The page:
Riffs - Nausicaa of the Valley of Wind, Ponyo on a Cliff by the Sea

Nausicaa of the Valley of Wind is the rare Miyazaki anime that barely contains any riffs on his previous work (one shot of a crowd at the end echoes Horus, Prince of the Sun, Nausicaa's spiritual cousin), but it has inspired many quotes and tributes in later films.  This film was in many ways a touchstone to the second half of Hayao Miyazaki's career, obviously because its success led to the founding of Studio Ghibli, but because of its darker, more complex and ambiguous tone.  And that's what reminded me of this particular riff.

Take a look at the screenshots from the ending to Nausicaa of the Valley of Wind and Ponyo on a Cliff by the Sea.  It's a very tight, crowded composition, very skillfully laid out, communicates all that you need to know.  It also serves as a big emotional finish, and the audience comes away feeling happy and relieved.  It's a very loud and abrupt curtain bow, and I'm always reminded of the way John Lennon cuts the ending to "She's So Fine" on side one of Abbey Road.

It's very true that many of Miyazaki's directorial films end with a sudden stop, while the true climax is at least a scene or two before.  They don't end so much as they stop cold - party over, whoops, outta time.  But this quick run for the exits carries far more weight in Nausicaa because, frankly, the whole thing is a three-card monte.  This so-called finish is the slickest scam Miyazaki ever pulled.

I know this is a subject deserves its own post, so we'll keep it short for now.  The game is afoot, the cake is a lie, and nothing in the Nausicaa film is really resolved.  Watch yer backs.


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Dan Hamman said...

You're not really suggesting that Miyazaki's next film is going to be a Nausicaa sequel?..

Daniel Thomas MacInnes said...

What? No, of course not. Miyazaki doesn't do sequels, and I can't ever end my essays on cliffhangers because I always get sidetracked.

I didn't have a hidden agenda with the final sentence, honest. I was just trying to finish up and get to bed for a change (yawn). My only point was that all the major conflicts in the Nausicaa film remain unresolved, and there really isn't a "happy" ending.

No, I'm afraid the only way there will be a Nausicaa "sequel" is if some weaselly Hollywood producer gets their evil claws on the rights after Miyazaki dies, and then Michael Bay is hired to direct. It would be loud and incredibly stupid, and outrage every Miyazaki fan in the world. It would then make $500 million at the box office, win all sorts of awards...and lo, the seventh seal would be broken and the world would end. Amen.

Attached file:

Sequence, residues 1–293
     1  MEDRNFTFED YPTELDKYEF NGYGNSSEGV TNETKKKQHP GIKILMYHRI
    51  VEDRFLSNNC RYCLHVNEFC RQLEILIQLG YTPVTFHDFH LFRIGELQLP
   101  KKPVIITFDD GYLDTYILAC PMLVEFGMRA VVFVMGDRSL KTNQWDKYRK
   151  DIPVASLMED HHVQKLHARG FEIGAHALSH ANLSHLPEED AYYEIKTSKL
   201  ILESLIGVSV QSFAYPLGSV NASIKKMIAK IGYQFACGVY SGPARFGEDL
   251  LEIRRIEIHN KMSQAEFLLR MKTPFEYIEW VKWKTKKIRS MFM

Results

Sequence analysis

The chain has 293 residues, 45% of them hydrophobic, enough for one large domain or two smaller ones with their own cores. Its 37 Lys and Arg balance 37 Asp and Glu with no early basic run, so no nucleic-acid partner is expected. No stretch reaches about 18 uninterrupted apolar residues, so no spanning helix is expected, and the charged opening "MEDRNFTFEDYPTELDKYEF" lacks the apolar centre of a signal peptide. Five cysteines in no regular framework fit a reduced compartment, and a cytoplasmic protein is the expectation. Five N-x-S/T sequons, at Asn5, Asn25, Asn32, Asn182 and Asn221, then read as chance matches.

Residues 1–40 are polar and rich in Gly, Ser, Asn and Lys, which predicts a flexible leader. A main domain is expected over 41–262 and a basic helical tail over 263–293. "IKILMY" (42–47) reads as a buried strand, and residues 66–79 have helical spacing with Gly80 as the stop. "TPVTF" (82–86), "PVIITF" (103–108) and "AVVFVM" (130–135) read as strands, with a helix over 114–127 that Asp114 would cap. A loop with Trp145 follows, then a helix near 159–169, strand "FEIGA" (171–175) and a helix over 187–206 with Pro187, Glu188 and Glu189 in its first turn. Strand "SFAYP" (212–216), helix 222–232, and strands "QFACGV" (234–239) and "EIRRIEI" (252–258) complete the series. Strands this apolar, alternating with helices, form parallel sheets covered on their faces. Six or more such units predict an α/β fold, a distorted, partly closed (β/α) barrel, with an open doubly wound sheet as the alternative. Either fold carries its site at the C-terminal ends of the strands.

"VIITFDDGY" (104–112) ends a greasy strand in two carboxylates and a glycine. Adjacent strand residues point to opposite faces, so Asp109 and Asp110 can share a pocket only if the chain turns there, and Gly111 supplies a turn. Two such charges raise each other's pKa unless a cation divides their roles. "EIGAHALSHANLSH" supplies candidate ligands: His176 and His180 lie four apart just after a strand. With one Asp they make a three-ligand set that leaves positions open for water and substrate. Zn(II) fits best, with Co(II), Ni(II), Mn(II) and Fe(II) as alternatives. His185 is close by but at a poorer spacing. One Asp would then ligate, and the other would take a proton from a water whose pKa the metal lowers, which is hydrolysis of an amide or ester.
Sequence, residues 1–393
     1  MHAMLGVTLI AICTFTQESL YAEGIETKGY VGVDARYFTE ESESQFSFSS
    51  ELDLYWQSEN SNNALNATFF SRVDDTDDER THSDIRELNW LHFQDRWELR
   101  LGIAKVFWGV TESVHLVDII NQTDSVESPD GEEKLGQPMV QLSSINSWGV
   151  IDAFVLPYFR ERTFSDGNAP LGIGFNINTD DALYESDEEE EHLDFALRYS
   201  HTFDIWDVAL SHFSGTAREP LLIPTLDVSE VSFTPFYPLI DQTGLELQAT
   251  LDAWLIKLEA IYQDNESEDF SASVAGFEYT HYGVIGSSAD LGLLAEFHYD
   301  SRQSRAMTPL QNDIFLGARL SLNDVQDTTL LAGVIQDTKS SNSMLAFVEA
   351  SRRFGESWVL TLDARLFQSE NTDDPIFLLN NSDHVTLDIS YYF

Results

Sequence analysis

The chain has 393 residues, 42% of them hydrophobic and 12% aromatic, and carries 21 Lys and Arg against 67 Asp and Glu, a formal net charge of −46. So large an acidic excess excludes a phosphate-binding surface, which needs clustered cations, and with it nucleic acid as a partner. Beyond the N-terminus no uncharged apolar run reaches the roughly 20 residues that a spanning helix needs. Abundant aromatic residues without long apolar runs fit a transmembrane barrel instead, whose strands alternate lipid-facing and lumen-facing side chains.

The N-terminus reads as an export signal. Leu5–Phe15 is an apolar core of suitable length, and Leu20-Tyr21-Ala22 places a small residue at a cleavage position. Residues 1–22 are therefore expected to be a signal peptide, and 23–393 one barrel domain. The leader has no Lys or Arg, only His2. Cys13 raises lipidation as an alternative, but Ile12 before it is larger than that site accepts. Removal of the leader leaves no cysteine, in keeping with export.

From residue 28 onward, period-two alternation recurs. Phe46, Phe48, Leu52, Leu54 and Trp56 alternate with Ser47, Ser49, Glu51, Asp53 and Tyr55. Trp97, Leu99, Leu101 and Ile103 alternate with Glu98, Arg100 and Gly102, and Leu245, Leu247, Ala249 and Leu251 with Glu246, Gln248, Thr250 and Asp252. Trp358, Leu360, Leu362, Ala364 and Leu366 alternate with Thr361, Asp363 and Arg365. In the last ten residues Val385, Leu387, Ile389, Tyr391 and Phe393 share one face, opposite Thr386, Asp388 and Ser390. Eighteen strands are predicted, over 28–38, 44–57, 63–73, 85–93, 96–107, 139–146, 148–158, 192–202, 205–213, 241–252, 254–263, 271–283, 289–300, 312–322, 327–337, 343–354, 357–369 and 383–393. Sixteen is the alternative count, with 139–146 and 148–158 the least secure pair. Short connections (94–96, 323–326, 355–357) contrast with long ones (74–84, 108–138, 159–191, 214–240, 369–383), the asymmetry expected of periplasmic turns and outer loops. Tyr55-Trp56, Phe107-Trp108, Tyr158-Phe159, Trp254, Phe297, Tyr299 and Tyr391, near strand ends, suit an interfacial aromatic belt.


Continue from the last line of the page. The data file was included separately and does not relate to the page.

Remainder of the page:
Daniel said...

Was a while ago that I watched either, but I think I spotted a Cagliostro riff in Nausicaa, not sure if you already noticed this one. At the end of Cagliostro, when Clarisse is reunited with her dog and it licks her face. There is a similar shot in Nausicaa right after she saves Yupa from the Ohmu at the beginning, and the bird creatures lick her face

Daniel Thomas MacInnes said...

Bingo! You are correct, sir. Help yourself to some green Irish beer.

I have those screenshots ready to go and I'll be publishing them soon. I may use Riffs as the blog's early morning post...we'll see how that goes.

Anonymous said...

Miyazaki doesn't do sequels? Wasn't a Porco Rosso sequel announced not too long ago?

Daniel Thomas MacInnes said...

Ah, the much-reported "Porco Rosso sequel." I think that's an instance of something being misunderstood and then being beamed across the world to a thousand websites. Eventually, it's just taken as Gospel Truth.

In truth, I think Miyazaki was speculating about story ideas for future comics, perhaps basing on the same world as Porco Rosso, which was the Adriatic Sea between the two World Wars. And that period - early 20th Century - happens to be Miyazaki's favorite era.

For the record, there is no official announcement for Miyazaki's future projects. We can assume that he's in the early production stages for his next feature film, which should close out Ghibli's 5-Year-Plan. He will also stay busy with short-form comics and probably short films for the Ghibli Museum. Beyond that, sorry, nothing. No Porco Rosso sequel.

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